"It's been an amazing welcome so far from everyone in the neighborhood," says Forster, whose twenty-seat food lover's utopia struts deli cases, counters and a refrigerator chock-block with cheeses from around the globe, many of them not readily available, including several of her stinky French cheeses. "People have been really curious and excited to try some of the cheeses we have here that they may not have tried anywhere else," she adds, while paper-wrapping wedges of French edel de cleren, preferess montage and a perfectly ripe tomme de crayeusse, one of my favorite cheeses in the universe.
Forster is still waiting for the final sign-off from the state before she can pour wine, but the delay, she admits, gives her the opportunity to concentrate on explaining to her customers the nuances of all those cheeses. "While I'm a little disappointed that we can't serve wine yet, it gives us a little slush-fund of time to get to know our customers and make everything as perfect as we can," she says.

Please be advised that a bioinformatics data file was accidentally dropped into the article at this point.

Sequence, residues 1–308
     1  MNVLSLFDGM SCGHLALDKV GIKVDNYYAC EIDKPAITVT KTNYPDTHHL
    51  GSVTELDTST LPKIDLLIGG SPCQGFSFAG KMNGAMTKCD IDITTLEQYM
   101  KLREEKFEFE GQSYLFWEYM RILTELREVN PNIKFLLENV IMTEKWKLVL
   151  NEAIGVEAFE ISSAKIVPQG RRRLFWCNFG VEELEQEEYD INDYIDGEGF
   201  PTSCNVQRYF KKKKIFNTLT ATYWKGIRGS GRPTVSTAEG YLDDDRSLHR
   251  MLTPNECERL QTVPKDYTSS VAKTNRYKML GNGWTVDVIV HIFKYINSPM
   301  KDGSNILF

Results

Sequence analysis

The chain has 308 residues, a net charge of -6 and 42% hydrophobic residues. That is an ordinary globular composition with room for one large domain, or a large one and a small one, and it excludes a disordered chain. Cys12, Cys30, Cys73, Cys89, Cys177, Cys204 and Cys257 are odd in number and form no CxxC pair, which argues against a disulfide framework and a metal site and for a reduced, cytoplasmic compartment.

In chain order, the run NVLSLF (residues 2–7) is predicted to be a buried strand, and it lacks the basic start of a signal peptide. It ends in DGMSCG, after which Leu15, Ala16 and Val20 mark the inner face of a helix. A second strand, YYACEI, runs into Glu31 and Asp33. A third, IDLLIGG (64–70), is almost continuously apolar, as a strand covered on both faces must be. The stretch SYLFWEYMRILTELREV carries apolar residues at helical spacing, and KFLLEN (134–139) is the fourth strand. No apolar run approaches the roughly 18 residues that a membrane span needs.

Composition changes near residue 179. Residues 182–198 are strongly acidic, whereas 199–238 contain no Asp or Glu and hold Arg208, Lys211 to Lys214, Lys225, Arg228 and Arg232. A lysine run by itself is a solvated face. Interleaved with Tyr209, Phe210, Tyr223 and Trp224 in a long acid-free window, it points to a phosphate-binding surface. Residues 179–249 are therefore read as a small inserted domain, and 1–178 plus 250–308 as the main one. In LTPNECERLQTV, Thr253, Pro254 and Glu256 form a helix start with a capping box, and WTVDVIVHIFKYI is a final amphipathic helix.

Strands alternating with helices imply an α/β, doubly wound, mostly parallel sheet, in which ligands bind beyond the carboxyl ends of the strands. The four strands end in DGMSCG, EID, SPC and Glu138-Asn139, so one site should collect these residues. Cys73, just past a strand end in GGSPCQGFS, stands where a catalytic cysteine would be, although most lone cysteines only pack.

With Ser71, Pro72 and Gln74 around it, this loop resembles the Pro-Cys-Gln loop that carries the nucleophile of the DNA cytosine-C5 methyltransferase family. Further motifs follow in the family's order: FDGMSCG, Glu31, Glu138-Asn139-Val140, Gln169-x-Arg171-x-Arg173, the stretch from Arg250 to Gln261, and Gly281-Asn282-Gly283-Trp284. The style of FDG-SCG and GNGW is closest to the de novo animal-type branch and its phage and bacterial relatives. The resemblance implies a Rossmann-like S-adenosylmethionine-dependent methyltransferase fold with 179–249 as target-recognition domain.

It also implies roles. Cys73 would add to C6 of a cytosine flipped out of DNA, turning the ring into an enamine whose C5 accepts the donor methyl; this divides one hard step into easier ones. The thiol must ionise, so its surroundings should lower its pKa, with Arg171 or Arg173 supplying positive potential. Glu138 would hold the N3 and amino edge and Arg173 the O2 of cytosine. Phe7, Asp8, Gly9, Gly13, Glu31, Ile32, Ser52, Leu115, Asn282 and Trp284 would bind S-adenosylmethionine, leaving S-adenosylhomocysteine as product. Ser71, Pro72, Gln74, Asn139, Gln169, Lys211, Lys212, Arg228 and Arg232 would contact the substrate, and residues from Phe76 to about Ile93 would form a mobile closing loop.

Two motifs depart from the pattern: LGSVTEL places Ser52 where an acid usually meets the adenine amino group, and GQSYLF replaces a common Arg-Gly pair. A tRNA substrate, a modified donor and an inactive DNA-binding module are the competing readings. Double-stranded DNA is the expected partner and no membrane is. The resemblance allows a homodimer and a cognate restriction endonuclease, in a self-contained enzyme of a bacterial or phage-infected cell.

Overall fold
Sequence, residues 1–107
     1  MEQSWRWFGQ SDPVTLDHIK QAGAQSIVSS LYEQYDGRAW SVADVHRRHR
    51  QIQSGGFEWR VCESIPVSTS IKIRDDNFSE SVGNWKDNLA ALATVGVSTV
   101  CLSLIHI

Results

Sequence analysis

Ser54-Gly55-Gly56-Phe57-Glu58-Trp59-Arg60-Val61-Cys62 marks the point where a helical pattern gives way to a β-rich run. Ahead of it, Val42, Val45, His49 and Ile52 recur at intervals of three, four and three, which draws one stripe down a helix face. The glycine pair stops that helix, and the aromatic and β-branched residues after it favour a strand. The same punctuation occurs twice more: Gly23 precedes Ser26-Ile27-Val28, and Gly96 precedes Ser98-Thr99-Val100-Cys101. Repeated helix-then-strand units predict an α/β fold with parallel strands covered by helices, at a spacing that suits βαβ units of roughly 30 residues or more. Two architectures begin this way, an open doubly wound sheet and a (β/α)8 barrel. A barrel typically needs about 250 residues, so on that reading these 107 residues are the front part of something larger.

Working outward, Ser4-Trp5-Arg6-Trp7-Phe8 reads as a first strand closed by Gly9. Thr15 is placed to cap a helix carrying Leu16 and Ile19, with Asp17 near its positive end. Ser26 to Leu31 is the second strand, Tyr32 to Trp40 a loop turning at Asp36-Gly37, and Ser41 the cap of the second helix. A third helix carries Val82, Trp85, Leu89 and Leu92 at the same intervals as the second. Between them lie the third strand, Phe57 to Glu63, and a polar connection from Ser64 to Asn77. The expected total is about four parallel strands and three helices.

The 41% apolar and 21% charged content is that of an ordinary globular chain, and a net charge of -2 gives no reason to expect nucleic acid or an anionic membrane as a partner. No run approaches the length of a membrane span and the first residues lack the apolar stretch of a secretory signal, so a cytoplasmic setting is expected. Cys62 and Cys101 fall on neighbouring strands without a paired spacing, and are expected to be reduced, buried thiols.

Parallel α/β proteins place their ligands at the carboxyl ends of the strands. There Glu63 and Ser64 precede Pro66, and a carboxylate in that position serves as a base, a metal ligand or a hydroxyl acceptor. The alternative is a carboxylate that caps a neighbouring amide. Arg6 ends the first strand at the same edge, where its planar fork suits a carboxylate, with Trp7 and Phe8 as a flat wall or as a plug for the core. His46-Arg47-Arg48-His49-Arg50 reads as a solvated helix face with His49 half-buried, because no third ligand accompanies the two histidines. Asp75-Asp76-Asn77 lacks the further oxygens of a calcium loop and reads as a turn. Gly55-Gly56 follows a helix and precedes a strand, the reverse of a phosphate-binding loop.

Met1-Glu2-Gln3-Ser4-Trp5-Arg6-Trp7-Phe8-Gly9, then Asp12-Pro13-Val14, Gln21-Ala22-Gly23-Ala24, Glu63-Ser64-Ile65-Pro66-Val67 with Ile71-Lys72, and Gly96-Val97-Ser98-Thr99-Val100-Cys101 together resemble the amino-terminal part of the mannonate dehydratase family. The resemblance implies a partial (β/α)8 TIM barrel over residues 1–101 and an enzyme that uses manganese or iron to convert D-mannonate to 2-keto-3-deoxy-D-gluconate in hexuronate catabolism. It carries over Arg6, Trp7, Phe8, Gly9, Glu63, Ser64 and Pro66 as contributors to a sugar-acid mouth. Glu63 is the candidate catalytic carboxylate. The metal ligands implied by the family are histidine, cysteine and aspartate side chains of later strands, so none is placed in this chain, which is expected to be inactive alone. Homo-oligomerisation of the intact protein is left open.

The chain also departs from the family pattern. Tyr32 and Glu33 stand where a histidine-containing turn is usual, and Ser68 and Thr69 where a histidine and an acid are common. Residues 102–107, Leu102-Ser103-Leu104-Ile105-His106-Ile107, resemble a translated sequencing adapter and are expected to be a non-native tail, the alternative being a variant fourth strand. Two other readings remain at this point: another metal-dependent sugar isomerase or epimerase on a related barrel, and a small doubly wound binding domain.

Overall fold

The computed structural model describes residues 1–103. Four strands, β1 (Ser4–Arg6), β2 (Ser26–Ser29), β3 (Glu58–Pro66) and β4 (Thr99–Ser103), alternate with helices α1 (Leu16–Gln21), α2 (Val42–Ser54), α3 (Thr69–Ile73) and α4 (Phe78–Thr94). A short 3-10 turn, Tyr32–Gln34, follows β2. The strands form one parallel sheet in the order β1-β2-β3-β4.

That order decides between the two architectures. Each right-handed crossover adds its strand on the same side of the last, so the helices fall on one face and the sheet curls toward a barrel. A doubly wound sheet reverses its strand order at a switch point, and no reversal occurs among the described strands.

Forster hopes that the sign-off from the state will take place within the next few weeks, and when that happens, she'll host a series of "blowout parties" and midnight dinners.
When I stopped by on Friday, I found myself unwilling to leave, which is probably the whole point. This is a place where you want to linger. Take a look through our photo gallery, and you'll easily see why.